Friday, 22 February 2013

Delhi Police Week 2013 Launch of Booklets: 'Stop Violence AgainstChildren' and 'Aap ka Adhikar'

By Ishita Aggarwal - Intern (Centre for Social Research)
The ‘Delhi Police Week 2013’ displayed some amazing initiatives by Delhi Police in a bid to make the city safer for not just its women but also its children. Two booklets, ‘Stop Violence Against Children’ and ‘Aap ka Adhikar’ (stop violence against women), were released under the Delhi Police “Bas Aur Nahin” initiative, giving a strong message of no-tolerance of violence against women and children.

Ms. Suman Nalwa, Head, Special Police Unit for Woman and Children, Delhi, voiced her concern over the city’s level of safety and expressed her sincere desire to make Delhi “a safe city for one and all”. “We welcome all criticisms as well”, she said. This in itself is a sea-change in the overall interaction and attitude of police with respect to citizens. Ms. Nalwa and Mr. Sudhir Yadav, Special Commissioner of Delhi Police (Traffic), together wished to see support flow from both ends viz. police and public, in order to further mutual enhancement.

A special exhibit of self-defence skills by a group of trained young girls and women showed martial arts techniques to enable enhancement of the ‘Safety Quotient (SQ)’ for women. It empowered women to use these techniques to prevent themselves from attempted sexual or other criminal assaults. This has built a team of over 90,000 children and women, from all age groups, in the city, who are now living more confident lives. Live examples of some such trained women spoke about how the training has truly altered their perspective of safety and self-confidence. They are now ready to break bones if anybody lays a finger at them, literally so.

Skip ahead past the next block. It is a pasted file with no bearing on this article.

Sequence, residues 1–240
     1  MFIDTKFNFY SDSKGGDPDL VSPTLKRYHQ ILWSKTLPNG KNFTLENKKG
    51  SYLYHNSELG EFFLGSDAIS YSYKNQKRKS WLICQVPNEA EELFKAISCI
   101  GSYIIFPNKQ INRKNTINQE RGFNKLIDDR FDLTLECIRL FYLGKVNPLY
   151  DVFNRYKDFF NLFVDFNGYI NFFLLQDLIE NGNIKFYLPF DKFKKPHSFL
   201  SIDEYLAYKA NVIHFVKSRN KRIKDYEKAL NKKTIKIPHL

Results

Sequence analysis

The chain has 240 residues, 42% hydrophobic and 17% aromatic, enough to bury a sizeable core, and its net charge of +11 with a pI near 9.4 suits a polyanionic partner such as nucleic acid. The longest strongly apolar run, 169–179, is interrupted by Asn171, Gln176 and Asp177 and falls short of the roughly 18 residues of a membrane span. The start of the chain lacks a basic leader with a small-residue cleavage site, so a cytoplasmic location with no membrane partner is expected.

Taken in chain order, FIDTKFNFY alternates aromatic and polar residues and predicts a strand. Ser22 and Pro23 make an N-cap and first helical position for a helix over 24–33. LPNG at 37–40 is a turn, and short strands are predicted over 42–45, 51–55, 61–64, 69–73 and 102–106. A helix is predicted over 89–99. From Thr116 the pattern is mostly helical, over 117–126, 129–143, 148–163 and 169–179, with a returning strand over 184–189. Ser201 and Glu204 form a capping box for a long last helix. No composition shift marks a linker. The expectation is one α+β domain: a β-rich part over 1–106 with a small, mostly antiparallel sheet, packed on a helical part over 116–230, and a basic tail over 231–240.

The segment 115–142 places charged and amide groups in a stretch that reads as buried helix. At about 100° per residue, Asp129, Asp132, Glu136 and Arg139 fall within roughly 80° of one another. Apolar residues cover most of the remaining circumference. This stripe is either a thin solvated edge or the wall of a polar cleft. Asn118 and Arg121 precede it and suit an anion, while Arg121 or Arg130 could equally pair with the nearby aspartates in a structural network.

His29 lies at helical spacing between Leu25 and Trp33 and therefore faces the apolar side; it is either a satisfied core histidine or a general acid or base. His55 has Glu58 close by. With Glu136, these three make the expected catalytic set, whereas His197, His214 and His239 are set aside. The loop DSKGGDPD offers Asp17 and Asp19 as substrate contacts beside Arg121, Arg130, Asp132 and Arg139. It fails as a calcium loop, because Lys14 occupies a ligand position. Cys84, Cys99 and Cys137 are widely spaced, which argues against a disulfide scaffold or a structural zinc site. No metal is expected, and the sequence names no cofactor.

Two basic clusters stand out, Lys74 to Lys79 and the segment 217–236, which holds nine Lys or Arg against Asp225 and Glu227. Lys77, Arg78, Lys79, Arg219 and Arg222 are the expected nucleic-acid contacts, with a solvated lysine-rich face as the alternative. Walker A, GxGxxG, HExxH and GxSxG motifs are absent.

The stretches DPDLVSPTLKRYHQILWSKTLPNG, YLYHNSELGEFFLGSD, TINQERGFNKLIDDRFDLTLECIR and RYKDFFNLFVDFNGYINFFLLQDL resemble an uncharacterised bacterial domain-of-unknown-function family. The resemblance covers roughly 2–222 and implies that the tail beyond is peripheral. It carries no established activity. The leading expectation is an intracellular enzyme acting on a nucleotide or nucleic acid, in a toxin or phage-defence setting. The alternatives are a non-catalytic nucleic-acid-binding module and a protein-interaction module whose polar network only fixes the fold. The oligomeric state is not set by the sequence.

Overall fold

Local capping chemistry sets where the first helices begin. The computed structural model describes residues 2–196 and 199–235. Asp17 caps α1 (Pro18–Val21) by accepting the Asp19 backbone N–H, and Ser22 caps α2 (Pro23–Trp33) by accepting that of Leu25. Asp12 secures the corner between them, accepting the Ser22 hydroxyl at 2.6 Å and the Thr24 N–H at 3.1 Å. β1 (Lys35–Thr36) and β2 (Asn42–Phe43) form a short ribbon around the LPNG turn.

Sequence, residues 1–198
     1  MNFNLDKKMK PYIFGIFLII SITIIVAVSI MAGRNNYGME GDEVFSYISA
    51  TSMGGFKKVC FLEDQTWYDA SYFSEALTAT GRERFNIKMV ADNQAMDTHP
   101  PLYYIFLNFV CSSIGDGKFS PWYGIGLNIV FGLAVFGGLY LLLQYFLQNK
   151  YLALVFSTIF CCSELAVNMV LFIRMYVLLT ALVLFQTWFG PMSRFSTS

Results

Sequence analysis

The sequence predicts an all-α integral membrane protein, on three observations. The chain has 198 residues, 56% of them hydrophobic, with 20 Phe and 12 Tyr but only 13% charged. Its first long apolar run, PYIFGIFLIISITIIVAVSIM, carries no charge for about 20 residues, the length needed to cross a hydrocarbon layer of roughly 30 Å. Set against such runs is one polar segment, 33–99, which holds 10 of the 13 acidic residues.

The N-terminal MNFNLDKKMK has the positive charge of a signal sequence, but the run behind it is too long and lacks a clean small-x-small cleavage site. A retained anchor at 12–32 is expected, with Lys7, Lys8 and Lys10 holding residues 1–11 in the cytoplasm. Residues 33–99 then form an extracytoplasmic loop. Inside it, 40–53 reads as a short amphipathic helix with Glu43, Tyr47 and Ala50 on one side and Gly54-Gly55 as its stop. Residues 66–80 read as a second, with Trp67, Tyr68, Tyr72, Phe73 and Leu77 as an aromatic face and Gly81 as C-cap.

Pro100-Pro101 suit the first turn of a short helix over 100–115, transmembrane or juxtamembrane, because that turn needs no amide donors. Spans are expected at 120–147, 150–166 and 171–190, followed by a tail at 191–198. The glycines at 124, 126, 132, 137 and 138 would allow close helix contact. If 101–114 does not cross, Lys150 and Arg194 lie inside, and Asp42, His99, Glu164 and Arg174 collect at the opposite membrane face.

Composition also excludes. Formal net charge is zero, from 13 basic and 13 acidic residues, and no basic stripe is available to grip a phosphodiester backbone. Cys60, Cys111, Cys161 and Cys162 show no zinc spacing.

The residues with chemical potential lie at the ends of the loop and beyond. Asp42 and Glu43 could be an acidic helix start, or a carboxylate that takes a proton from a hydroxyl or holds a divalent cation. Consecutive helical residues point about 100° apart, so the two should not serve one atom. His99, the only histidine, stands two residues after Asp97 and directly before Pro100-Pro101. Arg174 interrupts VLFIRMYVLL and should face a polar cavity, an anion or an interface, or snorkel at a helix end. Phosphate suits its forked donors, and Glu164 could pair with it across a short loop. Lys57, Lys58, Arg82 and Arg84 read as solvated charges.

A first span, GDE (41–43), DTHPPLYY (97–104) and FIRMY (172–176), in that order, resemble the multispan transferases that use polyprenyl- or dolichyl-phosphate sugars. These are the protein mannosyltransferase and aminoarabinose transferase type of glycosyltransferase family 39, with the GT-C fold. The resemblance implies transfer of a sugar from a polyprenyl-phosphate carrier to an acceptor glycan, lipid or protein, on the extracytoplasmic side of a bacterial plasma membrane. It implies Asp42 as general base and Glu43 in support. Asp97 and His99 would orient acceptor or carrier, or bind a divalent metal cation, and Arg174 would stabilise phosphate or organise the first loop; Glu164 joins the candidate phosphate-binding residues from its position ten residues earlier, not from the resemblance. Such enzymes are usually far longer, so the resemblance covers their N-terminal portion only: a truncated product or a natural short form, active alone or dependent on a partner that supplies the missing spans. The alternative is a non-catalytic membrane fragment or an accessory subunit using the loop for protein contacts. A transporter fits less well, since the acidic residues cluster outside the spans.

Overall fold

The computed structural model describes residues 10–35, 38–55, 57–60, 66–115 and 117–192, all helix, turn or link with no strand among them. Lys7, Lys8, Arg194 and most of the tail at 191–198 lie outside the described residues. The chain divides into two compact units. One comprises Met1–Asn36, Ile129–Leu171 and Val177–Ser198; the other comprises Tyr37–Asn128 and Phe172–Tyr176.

Chief Guest of Honour, Smt. Shanta Sinha, Chairperson, National Commission of Child Rights, rightly raised her concern over the lack of knowledge which common citizens have with regard to Police procedures and complaint filing. She wanted the image of the Police to be that of a friend to the mind of a child rather than that of a monstrous-authority. She said that if children and Police partner, it will not just change Delhi, it will change the entire country, and what will emerge will be “a new Delhi and a new country”.

Dr. Smt. Kiran Walia, Minister of Social Welfare Department, Women & Child, Languages, upheld the extreme importance of ensuring public sensitization over social issues. Without public awareness realities would not change. Laws and Acts have not been able to stop dowry and female foeticide, neither have the police or hospitals been able to stop these crimes. The major initiative needs to generate from the public. It was indeed gratifying to see genuine attempts coming from the part of our law enforcers. It will only make the desired difference if we too as civil society members and responsible citizens make that conscious attempt at bridging the gap between police and public and join forces for a safer Delhi and a safer country.

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